Norwegian cities discuss impact pathways to climate-neutrality by 2030

How can Europe’s 112 mission cities speed up the decarbonisation of their mobility and transport systems to reach climate neutrality by 2030?

On 8 May 2024, to support cities in this important transition, EIT Urban Mobility held a workshop titled “Decarbonising mobility and transport: Nordic pathways to climate-neutral cities by 2030” together with Nordic Edge and EIT Climate-KIC/NetZeroCities on the sidelines of Nordic Edge Expo in Stavanger, Norway.

Based on specific Norwegian city challenges, the workshop invited 36 city officials, mobility companies and experts from across Norway and elsewhere in Europe to discuss the impact pathways that cities can pursue to make systemic change and reduce transport emissions quickly and efficiently.

The mobility challenges and goals of Norwegian cities

In Norway, Stavanger and Trondheim are both part of the EU mission for 100 climate-neutral and smart cities by 2030. While the mission highlights the crucial role of cities in Europe’s green transition, cities across the continent continue to struggle making the transformation of the mobility and transport sector a reality.

Each presenting their city’s mobility challenges at the workshop, Ellen Figved Thoresen from Stavanger municipality and Øyvind S. Tanum from Trondheim municipality both pointed to national legislation and behavioural change as some of the main barriers for systemic change.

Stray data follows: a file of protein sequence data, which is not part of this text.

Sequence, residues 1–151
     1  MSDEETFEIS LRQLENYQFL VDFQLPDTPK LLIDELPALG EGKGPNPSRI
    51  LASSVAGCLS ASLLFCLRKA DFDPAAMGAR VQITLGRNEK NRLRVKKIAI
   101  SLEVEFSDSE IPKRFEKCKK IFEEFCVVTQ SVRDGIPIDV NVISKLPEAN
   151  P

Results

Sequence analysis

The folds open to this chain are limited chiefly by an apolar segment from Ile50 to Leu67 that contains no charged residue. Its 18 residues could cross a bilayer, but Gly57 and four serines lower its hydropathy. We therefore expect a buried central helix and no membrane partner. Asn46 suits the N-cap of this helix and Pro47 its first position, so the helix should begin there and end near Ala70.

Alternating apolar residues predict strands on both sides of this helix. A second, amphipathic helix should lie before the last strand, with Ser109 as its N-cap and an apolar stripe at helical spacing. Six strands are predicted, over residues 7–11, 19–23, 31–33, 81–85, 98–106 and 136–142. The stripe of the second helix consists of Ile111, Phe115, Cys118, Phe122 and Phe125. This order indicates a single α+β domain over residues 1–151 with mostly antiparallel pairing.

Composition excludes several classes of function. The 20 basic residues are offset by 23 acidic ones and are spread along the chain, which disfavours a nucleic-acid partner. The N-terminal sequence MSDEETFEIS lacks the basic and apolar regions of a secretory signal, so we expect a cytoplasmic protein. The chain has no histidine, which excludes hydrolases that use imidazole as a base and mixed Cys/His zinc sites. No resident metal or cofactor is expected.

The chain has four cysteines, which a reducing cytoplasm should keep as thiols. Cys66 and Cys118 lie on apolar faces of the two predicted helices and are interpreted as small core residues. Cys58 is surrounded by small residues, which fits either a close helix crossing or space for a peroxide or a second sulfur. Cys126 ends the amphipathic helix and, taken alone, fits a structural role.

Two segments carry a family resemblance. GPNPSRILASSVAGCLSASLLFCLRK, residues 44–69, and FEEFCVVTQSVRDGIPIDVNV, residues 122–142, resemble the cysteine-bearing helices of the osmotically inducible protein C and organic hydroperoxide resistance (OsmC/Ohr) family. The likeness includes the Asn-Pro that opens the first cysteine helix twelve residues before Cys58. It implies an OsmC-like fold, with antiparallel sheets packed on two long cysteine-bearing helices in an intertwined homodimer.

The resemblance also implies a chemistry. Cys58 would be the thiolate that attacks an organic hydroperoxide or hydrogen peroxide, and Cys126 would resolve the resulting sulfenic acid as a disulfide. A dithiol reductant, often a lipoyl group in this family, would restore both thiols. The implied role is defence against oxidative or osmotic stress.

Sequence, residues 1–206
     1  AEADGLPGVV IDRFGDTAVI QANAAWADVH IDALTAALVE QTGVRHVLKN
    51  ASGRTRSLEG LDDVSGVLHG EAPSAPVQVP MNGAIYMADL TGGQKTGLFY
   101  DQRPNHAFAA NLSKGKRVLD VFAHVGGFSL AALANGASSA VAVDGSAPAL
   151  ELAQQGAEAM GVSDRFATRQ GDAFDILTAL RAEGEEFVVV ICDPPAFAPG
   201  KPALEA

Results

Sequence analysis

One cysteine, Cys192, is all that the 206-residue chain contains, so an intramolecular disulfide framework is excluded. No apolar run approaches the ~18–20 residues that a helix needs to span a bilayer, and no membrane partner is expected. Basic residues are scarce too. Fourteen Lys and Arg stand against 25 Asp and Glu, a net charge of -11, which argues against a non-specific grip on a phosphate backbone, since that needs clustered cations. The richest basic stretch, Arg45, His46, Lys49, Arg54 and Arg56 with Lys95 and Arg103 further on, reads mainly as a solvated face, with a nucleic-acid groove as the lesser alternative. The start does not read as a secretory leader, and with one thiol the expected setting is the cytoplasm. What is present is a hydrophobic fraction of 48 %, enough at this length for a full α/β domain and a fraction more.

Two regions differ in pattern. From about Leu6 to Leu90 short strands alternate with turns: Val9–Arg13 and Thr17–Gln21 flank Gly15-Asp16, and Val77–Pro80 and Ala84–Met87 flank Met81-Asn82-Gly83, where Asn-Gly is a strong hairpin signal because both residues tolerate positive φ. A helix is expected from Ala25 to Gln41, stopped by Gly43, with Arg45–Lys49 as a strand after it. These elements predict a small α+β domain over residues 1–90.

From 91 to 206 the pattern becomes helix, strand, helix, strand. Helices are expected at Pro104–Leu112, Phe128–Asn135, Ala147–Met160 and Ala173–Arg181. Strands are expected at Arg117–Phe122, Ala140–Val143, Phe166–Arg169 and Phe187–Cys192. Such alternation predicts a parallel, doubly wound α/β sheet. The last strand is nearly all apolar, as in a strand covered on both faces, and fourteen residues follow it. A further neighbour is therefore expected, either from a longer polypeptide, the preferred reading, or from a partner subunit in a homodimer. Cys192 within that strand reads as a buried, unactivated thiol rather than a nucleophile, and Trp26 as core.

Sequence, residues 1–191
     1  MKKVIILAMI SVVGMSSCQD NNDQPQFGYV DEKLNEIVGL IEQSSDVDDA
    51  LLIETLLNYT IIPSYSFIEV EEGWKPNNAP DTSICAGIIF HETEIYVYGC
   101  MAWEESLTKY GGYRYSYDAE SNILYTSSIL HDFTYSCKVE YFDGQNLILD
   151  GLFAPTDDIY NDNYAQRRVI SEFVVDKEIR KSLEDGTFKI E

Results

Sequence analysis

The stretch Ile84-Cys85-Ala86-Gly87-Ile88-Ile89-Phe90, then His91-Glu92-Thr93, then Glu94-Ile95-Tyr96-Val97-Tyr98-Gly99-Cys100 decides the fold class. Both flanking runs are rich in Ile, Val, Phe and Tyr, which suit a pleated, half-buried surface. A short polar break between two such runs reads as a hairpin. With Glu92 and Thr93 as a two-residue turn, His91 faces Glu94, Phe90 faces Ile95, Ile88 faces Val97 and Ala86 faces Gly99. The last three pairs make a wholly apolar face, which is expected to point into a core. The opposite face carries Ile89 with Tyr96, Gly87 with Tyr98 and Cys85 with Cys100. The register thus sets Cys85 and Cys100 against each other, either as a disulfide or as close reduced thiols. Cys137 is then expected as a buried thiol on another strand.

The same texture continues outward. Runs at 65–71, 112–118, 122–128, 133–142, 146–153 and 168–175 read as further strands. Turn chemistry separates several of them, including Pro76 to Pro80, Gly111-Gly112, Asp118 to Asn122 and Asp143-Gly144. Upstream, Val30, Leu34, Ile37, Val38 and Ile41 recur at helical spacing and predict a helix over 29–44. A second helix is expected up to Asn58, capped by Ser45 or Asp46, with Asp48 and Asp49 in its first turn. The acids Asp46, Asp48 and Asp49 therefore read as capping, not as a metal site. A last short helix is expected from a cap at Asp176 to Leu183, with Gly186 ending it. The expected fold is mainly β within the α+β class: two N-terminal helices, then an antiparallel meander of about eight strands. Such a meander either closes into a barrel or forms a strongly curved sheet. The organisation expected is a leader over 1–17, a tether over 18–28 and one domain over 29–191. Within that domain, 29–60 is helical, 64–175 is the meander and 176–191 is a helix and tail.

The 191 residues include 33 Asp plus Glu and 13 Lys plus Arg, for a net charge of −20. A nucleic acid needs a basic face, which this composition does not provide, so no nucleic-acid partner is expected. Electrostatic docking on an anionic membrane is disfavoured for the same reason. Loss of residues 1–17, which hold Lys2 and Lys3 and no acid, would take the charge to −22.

While Stavanger aims to reduce the modal share of private car trips to less than 30% by 2030, with every third journey to be made by foot and every fifth by bicycle, mobility in the “oil capital of Norway” is still heavily dominated by the private car, more so than in any other Norwegian city, which explains the municipality’s significant investments in walking, cycling and public transport these years.

As the “tech capital of Norway,” with a strong R&D sector and innovation ecosystem, Trondheim is adopting a data-driven approach with rapid feedback loops and agile testing as a method to achieve lasting change, while focusing on transport justice and accessibility as a framework to balance the needs and challenges of different user groups.

workshop group working

Impact pathways towards climate-neutral cities

The workshop used NetZeroCities’ Impact Pathways concept to identify solutions for city challenges through seven steps, including the identification of potential levers of change, early and late outcomes, long-term impacts, systemic barriers and risks and suggested actions for change.

Facilitated by Anna Huttunen and Nikhil Chaudhary, Climate-Neutral City Advisors at EIT Climate-KIC/NetZeroCities, the workshop enabled participants to get to know each other, develop shared understandings of the challenges facing cities and explore new opportunities for collaboration, not least between city officials and private sector representatives.

Participants discussed topics such as how to reduce the attractiveness of the private car in urban environments, how to make public transport more convenient and user-friendly and how to focus on transforming public space to make city centres more liveable and attractive to the highly skilled labour force that many cities, not least in Norway, compete for.

presentation of impact pathways methodology